5 Things Young Producers Abroad Have in Common

16 production house honchos, from Brazil, Chile, Mexico, Israel and Turkey present companies, slates at Locarno


LOCARNO — Over Aug. 6-8, 16 production companies from Brazil, Chile, Mexico, Israel and Turkey will meet at the Locarno Fest, in the Swiss Alps, to enjoy its glorious weather – if Saturday was anything to go by – multiple industry workshops and presentations and each other companies in an informal networking event, Match Me! Most companies were set up this century, many this decade. Between them, they represent many of the ambitions and concerns of young production houses in Europe and Latin America working the international fest circuit today. Here are brief profiles and five things they have in common:


“Turkey is one of the few European countries where local films have a bigger share than Hollywood films,” said Muge Ozen, who’s moving “Wedlock” and “In Five Years” at Locarno. “There’s been an incredible increase at the Israeli box office over the last couple of years, Israeli audience who preferred overseas movies, especially American cinema, are finally comes to see Israeli films,” concurred Keren Michael, at Israel’s Dori Media group, noting this build began with Taliya Lavie’s debut, “Zero Motivation,” and was followed up by hit family films such as “Galis,” and “Abulele” and high quality comedies, such as “The Farewell Party.”In all, 12 out of the 16 Match Me! producers say there national cinema is becoming more popular.

2. Comedies Yes, Arthouse, Most Probably No

But there’s a ceiling to local industry build, at least in Latin America. Local comedies are more popular in Brazil and Mexican than Hollywood comedic fare. “The problem is that besides comedy and – maybe –  horror films, Mexican cinema is stigmatised as boring, violent,” said Anomia’s Valeria Arinez. As when Alfonso Cuaron’s generation broke through in the 1990s in Mexico, the natural audiences for the films the Locarno Match Me! producers – self-confessed arthouse filmmakers – want to make are in international.

3.Straight is the Gate

The first port-of-call financing for films in all five countries, insistently cited by producers, is national film funds, as emerging markets have copied, to the best of their resources, a Western European model. Again, there is sting in the tale. Public films funds are exposed to political pressure, austerity measures in economic slowdown. And the huge rise in production levels is often outstripping available public resources meaning films even by illustrious big fest prized directors can be left empty-handed. Few national cinemas have been so successful at festival as Chile’s which has just placed not one but two films in competition at Venice. One of Chile’s challenges, is “sustainability, not only in an economic but also in artistic means,” said Araucaria’s Isabel Orellana. But “we lack greater flexibility and strength from Chilean funds. There’s simply not enough [resources].”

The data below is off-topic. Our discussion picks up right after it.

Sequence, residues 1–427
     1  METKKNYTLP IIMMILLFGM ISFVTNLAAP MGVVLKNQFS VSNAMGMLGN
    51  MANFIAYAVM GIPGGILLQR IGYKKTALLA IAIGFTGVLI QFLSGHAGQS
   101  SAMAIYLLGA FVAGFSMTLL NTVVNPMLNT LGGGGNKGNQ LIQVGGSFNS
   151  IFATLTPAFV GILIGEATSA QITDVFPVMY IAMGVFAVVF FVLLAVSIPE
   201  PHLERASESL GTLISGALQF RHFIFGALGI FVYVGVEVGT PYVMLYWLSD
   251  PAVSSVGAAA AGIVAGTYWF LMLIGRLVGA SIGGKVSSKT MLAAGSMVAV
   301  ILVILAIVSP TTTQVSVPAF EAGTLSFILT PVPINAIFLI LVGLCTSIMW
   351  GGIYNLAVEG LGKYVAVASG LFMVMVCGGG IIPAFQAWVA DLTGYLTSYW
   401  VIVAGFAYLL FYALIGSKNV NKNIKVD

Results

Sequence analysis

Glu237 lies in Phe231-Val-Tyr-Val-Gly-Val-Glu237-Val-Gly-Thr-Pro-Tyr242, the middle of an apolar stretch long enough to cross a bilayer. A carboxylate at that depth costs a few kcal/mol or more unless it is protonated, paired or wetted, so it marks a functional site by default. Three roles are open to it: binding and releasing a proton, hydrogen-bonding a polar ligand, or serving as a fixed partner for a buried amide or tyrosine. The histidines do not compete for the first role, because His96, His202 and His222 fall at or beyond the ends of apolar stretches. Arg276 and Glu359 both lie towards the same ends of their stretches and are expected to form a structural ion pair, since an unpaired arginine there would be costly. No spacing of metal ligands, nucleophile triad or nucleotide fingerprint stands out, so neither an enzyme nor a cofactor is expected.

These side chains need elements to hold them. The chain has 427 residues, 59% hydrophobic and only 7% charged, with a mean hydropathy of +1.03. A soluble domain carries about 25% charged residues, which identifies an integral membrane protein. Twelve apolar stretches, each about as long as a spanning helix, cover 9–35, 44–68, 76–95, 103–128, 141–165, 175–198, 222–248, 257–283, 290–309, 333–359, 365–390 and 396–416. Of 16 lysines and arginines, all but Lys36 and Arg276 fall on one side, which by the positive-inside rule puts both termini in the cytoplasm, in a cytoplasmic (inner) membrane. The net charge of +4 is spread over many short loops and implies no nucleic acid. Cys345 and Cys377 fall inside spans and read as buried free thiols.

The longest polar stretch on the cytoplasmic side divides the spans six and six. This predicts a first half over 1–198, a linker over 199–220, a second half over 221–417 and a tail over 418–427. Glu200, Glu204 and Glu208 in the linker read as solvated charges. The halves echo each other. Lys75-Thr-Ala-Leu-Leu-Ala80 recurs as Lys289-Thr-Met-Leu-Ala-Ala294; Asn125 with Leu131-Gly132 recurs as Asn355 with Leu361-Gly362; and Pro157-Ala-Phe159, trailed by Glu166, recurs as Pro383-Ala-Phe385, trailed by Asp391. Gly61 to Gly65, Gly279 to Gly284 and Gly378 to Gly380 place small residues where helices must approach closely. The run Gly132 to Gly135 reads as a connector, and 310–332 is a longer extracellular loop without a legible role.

4. Global Is Local

As Participant Media CEO and Raimundo Rezzinico Award winner David Linde said at Locarno, in a conversation with Variety’s Jay Weissberg. In other words, the most common feature of movies from different countries is their differences. There is a huge disparity between the industry tenor of Chilean projects, sophisticated upscale middle-class set dramas pointing the complexities of humankind, and movies from Israel which court audiences with – hopefully – quality mainstream fare, while – their challenge – seeking international audiences for the self same fare.

5.The Rub: Digital, Theatrical Overseas

“The greatest challenges in filmmaking are related to distribution,” said producer Denis Feijao, at Brazil’s Elixir Ent. In Brazil,that includes domestic outlets. Beyond that, only one production house at Match Me! – and one of the biggest, Chile’s Jirafa Films – appears to have a relationship with a digital platform, via its deal with top Spanish-world sales agent Film Factory. Creating such relationships, or scoring theatrical distribution abroad, remains international arthouse’s largest challenge.

A brief drill-down on the projects:


Flagship project at Match Me!: “Estanislao,” a humanist monster movie, about a man born with amphibian parts to his body, including a fish face, from Alejandro Guzman (“Short Distances”). Producing is Mariana Monroy, head of production at Mantarraya, the Mexico City outfit behind movies by Carlos Reygadas and Amat Escalante, Cannes best director winners in 2012 and 2013.